Identical twins share exactly the same genome, and are usually raised under the same conditions during the early parts of their lives. Thus, it is not surprising that identical twins share strikingly similar physical features. However, twins often find themselves dealing with rather different health situations as adults. An ongoing study of twins at King’s College in London has found that the many surprising differences in the lives of identical twins are largely due to the effects of a biological mechanism known as epigenetics.
Epigenetics essentially functions through methylation, the process in which a chemical add-on called a methyl group binds to our DNA. Since methylation inhibits a gene from producing a certain protein, genes that would otherwise regulate illnesses such as obesity, c
ancer, and depression may be limited or no longer expressed due to the activity of epigenetics.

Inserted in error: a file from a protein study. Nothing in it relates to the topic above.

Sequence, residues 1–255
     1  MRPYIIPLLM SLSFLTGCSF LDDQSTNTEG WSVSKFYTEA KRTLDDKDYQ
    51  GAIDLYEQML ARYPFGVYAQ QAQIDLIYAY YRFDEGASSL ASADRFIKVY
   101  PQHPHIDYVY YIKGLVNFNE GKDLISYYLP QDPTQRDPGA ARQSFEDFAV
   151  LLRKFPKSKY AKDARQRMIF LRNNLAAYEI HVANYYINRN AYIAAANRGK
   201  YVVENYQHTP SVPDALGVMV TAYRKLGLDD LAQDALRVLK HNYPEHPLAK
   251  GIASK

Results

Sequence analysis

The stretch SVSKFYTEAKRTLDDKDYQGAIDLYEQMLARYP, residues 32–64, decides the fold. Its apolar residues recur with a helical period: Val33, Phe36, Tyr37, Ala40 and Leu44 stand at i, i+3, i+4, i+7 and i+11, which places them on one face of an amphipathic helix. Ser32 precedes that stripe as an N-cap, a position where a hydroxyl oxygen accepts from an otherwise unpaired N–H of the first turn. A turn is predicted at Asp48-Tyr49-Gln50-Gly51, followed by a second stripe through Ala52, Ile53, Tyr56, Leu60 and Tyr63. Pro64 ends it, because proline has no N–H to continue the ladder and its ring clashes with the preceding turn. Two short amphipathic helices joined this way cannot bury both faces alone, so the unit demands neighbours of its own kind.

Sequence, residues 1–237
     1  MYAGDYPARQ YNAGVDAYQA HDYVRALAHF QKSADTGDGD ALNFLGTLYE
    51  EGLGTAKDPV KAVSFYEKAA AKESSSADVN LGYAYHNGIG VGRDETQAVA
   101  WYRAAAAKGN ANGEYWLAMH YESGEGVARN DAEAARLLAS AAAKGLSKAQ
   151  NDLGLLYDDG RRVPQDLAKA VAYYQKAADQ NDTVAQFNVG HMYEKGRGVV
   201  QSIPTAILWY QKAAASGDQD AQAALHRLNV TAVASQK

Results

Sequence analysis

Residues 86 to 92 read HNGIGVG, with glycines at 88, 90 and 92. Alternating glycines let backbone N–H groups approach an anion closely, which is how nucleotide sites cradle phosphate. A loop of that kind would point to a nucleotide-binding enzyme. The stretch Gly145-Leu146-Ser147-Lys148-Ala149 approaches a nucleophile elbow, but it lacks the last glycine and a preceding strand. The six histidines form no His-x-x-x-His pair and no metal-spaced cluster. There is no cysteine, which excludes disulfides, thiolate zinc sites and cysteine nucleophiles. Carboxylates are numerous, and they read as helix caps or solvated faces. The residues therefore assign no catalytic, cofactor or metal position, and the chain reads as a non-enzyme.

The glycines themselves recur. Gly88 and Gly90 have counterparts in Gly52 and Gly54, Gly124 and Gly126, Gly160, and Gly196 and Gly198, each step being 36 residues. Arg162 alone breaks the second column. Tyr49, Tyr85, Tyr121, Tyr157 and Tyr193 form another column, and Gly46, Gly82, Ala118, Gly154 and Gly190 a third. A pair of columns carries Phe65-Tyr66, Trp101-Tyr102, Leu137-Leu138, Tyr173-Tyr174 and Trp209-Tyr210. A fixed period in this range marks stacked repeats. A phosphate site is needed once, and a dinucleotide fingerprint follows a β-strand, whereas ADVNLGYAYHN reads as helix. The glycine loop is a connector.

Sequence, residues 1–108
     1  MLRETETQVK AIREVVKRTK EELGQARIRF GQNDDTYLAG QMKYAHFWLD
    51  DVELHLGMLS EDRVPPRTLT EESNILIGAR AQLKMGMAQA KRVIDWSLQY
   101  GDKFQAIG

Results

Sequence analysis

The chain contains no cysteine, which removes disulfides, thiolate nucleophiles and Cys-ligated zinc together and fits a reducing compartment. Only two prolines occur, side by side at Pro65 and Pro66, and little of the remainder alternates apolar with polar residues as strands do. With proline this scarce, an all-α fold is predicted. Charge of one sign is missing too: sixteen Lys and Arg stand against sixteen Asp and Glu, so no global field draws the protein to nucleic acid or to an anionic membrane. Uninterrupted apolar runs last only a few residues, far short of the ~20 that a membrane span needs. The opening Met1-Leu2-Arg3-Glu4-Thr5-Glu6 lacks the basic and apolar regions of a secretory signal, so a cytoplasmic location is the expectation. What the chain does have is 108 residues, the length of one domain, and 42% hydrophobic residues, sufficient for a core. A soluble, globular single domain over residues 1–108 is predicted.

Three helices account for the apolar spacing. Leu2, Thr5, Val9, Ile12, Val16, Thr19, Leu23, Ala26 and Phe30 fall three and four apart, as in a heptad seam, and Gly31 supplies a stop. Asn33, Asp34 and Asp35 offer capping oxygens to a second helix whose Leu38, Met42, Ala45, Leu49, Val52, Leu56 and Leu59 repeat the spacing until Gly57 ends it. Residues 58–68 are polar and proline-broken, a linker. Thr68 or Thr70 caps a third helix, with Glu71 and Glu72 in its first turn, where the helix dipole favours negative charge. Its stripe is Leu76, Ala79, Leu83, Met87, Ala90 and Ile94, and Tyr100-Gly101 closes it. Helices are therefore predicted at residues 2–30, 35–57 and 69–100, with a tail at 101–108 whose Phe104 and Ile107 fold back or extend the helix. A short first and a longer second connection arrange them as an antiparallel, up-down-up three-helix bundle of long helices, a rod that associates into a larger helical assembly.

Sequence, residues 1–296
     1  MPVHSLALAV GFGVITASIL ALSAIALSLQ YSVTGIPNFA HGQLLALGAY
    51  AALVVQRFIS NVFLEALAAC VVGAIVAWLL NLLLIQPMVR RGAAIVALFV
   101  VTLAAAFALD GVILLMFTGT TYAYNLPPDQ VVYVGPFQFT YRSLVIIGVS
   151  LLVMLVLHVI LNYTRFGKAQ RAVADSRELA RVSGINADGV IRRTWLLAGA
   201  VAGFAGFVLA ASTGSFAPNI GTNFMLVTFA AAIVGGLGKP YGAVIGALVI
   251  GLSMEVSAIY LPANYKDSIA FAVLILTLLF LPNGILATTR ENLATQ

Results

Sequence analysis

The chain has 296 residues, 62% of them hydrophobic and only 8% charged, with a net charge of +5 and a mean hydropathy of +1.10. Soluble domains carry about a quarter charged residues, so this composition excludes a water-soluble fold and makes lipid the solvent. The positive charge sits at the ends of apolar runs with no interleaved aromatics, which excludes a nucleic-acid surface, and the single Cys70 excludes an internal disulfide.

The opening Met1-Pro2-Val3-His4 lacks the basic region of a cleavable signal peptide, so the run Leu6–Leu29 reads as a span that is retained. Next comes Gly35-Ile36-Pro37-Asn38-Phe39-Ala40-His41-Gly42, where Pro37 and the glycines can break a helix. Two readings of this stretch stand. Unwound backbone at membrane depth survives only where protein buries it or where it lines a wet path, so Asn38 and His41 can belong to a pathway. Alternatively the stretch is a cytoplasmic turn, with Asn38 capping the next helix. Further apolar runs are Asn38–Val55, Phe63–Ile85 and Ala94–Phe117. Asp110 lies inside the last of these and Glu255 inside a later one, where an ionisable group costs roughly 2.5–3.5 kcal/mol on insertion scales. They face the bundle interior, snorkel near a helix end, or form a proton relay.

Differences in behavioral tendencies of twins, such as smoking, stress, and diet, can cause changes in the methylation patterns of the epigenome. Studies have suggested that pain tolerance, for example, is not very heritable, but is instead related to variation in one’s methylation states. Ultimately, it is differences in life patterns, coupled with other environmental factors, that cause epigenetic changes and lead to striking health inconsistencies between identical twins. From these discoveries, scientists are now able to better judge which health conditions are purely heritable, and which are primarily influenced by behaviors and epigenetics.